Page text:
f.For what values of $|E|$ (in terms of $|V|$) does Prim's algorithm with preprocessing asymptotically beat Prim's algorithm without preprocessing?

**a.** We'll show that the edges added at each step are safe. Consider an unmarked vertex $u$. Set $S = \{u\}$ and let $A$ be the set of edges in the tree so far. Then the cut respects $A$, and the next edge we add is a light edge, so it is safe for $A$. Thus, every edge in $T$ before we run Prim's algorithm is safe for $T$. Any edge that Prim's would normally add at this point would have to connect two of the trees already created, and it would be chosen as minimal. Moreover, we choose exactly one between any two trees. Thus, the fact that we only have the smallest edges available to us is not a problem. The resulting tree must be minimal.

**b.** We argue by induction on the number of vertices in $G$. We'll assume that $|V| > 1$, since otherwise $\text{MST-REDUCE}$ will encounter an error on line 6 because there is no way to choose $v$. Let $|V| = 2$. Since $G$ is connected, there must be an edge between $u$ and $v$, and it is trivially of minimum weight. They are joined, and $|G'.V| = 1 = |V| / 2$.

Suppose the claim holds for $|V| = n$. Let $G$ be a connected graph on $n + 1$ vertices. Then $G'.V \le n / 2$ prior to the final vertex $v$ being examined in the for-loop of line 4. If $v$ is marked then we're done, and if $v$ isn't marked then we'll connect it to some other vertex, which must be marked since $v$ is the last to be processed.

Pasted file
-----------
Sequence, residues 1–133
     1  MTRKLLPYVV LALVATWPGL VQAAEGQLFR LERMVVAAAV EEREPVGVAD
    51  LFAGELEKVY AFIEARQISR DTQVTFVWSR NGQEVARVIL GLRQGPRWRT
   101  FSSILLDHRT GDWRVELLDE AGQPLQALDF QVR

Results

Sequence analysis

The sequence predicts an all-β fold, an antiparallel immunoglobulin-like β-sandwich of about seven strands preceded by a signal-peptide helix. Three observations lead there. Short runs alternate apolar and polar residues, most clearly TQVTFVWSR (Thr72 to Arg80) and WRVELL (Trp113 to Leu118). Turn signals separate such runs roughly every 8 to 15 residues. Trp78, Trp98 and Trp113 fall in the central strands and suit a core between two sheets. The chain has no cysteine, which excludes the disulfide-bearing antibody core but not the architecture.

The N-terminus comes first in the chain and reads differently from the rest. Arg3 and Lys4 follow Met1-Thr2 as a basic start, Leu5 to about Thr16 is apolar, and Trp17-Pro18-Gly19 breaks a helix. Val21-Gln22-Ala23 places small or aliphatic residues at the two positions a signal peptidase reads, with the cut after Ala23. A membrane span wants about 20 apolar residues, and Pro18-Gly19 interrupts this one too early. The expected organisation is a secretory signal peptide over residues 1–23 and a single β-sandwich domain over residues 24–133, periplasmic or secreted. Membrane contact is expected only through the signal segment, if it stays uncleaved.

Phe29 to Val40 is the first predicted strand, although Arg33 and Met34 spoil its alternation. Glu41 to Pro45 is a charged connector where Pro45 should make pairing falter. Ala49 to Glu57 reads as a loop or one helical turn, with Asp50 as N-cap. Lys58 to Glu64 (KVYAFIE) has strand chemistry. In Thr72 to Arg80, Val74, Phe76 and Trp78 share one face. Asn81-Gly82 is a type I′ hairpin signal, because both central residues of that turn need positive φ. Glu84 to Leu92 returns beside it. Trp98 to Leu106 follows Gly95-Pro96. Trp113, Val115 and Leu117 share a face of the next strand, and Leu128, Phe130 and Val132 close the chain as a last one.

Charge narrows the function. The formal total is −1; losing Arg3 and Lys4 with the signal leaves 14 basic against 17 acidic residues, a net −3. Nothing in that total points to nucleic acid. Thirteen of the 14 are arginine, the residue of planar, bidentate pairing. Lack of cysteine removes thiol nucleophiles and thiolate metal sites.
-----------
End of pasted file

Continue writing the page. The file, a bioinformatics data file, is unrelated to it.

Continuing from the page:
Either way, $v$ can't contribute an additional vertex to $G'.V$. so

$$|G'.V| \le n / 2 \le (n + 1) / 2.$$

**c.** Rather than using the disjoint set structures of chapter 21, we can simply use an array to keep track of which component a vertex is in. Let $A$ be an array of length $|V|$ such that $A[u] = v$ if $v = \text{FIND-SET}(u)$. Then $\text{FIND-SET}(u)$ can now be replaced with $A[u]$ and $\text{UNION}(u, v)$ can be replaced by $A[v] = A[u]$. Since these operations run in constant time, the runtime is $O(E)$.

**d.** The number of edges in the output is monotonically decreasing, so each call is $O(E)$. Thus, $k$ calls take $O(kE)$ time.

**e.** The runtime of Prim's algorithm is $O(E + V\lg V)$. Each time we run $\text{MST-REDUCE}$, we cut the number of vertices at least in half. Thus, after $k$ calls, the number of vertices is at most $|V| / 2^k$. We need to minimize

$$E + V / 2^k\lg(V / 2^k) + kE = E + \frac{V\lg V}{2^k} - \frac{Vk}{2^k} + kE$$

with respect to $k$. If we choose $k = \lg\lg V$ then we achieve the overall running time of $O(E\lg\lg V)$ as desired.

To see that this value of $k$ minimizes, note that the $\frac{Vk}{2^k}$ term is always less than the $kE$ term since $E \ge V$. As $k$ decreases, the contribution of $kE$ decreases, and the contribution of $\frac{V\lg V}{2^k}$ increases. Thus, we need to find the value of $k$ which makes them approximately equal in the worst case, when $E = V$. To do this, we set $\frac{\lg V}{2^k} = k$. Solving this exactly would involve the Lambert W function, but the nicest elementary function which gets close is $k = \lg\lg V$.

**f.** We simply set up the inequality

$$E\lg\lg V < E + V\lg V$$

to find that we need

$$E < \frac{V\lg V}{\lg\lg V-1} = O(\frac{V\lg V}{\lg\lg V}).$$